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By Don R. Lewis | November 3, 2008

On a sunny day in Oregon, a young girl named Wendy (Williams) and her dog Lucy pull into “Anytown U.S.A.” for the night. Wendy and Lucy are on their way to Alaska to start a new life and the mini-mall coated city they stop in for a rest is merely luck of the draw on the freeway of life. Or in Wendy’s case, un-luck of the draw. No sooner has she been awakened in her car by a just-doing-his-job drugstore security guard (Dalton) then her best laid plans of a new life with her dog explode into a million pieces.

Much like Kelly Reichardt’s first feature film “Old Joy,” “Wendy and Lucy” is a very quiet affair where the characters don’t say exactly what’s on their mind. Heck, who really does in real life? Still, a little insight into what’s driving Wendy to Alaska would have been helpful in terms of getting me on her side. While I like the fact “Wendy and Lucy” plays on emotions and sort of… prods you to get what the characters are going through without actually “telling” you what to think, I missed the creepy vibe and undertones she managed to pull off so well in “Old Joy.” It’s never cool to judge a film by it’s predecessor but since the pacing in “Wendy and Lucy” is about the same, I guess I expected more of the same undercurrent.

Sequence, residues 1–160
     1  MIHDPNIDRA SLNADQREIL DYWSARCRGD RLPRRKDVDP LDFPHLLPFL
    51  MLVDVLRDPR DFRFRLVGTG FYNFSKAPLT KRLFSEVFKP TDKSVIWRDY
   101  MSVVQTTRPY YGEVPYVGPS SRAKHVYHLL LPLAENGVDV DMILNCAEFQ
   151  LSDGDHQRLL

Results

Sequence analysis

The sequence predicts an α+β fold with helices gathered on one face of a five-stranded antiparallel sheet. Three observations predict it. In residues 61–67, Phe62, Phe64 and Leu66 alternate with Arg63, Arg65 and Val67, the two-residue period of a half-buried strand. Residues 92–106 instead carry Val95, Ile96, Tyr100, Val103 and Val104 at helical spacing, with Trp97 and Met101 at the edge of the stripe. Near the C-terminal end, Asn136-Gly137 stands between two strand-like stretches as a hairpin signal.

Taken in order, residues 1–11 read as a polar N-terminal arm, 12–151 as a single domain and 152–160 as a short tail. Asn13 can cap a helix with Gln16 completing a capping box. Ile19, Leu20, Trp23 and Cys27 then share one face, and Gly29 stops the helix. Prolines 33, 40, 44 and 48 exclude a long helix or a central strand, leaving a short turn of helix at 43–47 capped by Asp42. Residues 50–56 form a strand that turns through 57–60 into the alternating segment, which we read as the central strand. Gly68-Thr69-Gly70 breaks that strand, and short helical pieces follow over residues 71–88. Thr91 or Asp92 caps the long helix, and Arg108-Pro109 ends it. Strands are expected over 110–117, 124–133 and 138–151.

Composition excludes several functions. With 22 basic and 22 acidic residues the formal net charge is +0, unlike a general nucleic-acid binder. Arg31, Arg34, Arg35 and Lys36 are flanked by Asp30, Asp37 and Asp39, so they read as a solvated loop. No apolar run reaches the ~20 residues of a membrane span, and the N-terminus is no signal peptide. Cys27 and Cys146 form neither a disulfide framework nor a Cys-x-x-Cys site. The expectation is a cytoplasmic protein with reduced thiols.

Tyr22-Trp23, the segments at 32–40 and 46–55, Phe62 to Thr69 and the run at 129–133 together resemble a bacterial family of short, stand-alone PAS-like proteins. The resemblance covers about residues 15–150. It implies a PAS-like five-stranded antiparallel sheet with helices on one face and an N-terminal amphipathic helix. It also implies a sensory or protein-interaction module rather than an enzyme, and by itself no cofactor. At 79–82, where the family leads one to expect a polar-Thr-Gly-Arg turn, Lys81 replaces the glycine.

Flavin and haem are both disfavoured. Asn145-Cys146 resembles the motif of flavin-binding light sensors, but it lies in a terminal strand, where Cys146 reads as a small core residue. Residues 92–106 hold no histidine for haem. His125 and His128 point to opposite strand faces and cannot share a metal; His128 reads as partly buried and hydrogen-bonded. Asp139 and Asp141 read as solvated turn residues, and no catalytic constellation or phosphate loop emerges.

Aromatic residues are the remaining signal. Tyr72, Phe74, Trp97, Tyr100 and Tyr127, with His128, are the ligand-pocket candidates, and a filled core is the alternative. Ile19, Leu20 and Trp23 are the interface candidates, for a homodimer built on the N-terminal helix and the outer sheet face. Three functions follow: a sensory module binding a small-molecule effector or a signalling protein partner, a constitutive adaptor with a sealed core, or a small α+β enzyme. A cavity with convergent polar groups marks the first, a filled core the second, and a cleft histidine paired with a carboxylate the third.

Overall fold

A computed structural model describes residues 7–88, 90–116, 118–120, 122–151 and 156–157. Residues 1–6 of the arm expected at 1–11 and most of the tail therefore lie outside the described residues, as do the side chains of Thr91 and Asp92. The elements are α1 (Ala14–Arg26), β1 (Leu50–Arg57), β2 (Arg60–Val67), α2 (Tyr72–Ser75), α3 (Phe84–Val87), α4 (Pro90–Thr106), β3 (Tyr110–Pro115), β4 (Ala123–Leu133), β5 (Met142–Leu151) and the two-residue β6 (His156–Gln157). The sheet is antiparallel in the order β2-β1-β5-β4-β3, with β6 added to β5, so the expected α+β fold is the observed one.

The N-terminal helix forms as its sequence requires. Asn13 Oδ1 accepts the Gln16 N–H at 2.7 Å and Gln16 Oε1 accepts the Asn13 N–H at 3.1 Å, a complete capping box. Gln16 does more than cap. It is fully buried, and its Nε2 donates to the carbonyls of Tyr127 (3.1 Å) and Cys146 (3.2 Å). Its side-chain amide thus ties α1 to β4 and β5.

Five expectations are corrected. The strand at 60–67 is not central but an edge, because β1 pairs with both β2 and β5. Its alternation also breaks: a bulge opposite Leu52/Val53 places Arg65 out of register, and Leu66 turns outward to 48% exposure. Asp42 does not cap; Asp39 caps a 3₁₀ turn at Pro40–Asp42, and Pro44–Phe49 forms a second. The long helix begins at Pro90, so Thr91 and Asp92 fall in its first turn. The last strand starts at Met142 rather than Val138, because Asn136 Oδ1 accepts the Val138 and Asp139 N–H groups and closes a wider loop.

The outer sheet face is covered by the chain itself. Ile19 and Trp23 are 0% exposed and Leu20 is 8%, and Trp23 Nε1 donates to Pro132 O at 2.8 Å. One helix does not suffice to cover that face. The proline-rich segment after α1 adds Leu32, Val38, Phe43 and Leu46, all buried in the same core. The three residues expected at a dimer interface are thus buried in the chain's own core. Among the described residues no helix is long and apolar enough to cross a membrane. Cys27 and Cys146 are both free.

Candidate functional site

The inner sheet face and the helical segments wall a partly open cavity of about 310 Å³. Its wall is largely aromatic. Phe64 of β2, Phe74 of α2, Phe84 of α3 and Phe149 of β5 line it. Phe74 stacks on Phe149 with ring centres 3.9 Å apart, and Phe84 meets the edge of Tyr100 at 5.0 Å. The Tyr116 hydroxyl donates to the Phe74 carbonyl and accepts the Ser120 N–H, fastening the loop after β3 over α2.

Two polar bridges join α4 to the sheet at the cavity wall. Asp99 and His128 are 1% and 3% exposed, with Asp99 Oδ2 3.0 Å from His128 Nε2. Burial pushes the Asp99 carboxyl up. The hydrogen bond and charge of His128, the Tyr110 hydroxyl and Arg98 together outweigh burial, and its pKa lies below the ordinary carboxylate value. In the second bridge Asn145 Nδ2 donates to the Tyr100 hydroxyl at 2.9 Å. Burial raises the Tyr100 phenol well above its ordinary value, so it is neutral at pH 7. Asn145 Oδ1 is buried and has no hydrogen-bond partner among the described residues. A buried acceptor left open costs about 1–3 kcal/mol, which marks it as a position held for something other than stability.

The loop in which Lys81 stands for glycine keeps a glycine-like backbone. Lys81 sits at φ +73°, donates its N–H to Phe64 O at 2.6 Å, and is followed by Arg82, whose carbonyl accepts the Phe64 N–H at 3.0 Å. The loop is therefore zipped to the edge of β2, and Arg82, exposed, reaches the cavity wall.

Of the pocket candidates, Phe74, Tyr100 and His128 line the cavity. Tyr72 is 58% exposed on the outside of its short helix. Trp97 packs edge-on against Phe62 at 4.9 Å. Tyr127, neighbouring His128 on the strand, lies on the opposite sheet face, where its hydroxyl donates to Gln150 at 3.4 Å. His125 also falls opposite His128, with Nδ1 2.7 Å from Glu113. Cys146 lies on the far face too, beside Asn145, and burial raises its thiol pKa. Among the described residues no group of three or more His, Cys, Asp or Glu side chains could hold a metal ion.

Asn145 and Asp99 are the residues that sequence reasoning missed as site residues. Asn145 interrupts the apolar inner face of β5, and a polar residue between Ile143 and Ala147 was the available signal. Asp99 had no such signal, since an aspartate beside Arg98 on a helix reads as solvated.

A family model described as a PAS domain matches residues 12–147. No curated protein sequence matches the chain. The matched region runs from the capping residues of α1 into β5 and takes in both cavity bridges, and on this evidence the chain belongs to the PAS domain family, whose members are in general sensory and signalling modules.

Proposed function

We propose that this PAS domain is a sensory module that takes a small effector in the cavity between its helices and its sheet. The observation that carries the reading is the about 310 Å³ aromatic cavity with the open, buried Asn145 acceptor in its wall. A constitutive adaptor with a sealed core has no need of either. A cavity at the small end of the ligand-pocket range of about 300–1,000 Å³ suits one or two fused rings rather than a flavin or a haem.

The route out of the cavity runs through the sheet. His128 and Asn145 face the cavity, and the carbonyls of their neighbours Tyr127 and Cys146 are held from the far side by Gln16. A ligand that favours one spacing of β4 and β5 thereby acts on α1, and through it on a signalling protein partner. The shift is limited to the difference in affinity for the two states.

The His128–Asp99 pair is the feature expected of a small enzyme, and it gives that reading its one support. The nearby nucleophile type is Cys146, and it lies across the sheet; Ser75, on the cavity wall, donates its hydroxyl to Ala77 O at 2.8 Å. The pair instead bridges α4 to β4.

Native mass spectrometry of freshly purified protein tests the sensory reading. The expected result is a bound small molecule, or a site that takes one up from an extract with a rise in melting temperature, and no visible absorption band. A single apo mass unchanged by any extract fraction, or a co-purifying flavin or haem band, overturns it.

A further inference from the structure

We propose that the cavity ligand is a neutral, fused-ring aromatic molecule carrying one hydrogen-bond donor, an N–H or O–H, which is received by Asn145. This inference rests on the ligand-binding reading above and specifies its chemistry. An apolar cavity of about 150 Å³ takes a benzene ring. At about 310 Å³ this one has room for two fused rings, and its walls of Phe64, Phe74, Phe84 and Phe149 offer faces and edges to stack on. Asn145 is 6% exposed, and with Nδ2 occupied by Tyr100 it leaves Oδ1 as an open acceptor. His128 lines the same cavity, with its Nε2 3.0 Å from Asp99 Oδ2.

Then again, “Wendy and Lucy” is a bigger story not only in terms of what the lead character goes through, but also in an allegorical sense. If Wendy were traversing the U.S. say… 30 years earlier, she wouldn’t have nearly the problems she encounters here and all of them are real world issues. For all our perceived looseness, the U.S. is a much more uptight place nowadays than it was a few decades back. Not only in terms of laws and ordinances, but also in terms of people sticking to their guns, doing what they’re told rather than accounting for, you know, the human being factor. Throughout “Wendy and Lucy” I just wanted Wendy to catch a break. And the only break she really needed was for someone to just be nice for a change.

“Wendy and Lucy” is an interesting film that needs the audience to serve as a mirror for Wendy’s travails and emotions. I think most everyone can relate to her in some ways, but if you can’t, this film will leave you cold. Michelle Williams as Wendy is fine but she doesn’t have much to do and her role is much more reactive than proactive. She kind of wanders from one lousy situation to the next and has to react to each new challenge. Unless you’re an antsy movie-goer or have a cold heart, by the end of “Wendy and Lucy,” you’ll be engrossed, hoping for the best possible outcome. But the journey to get there also requires patience and that might be too much to ask of any audience when you arm them with very little to help with the journey.

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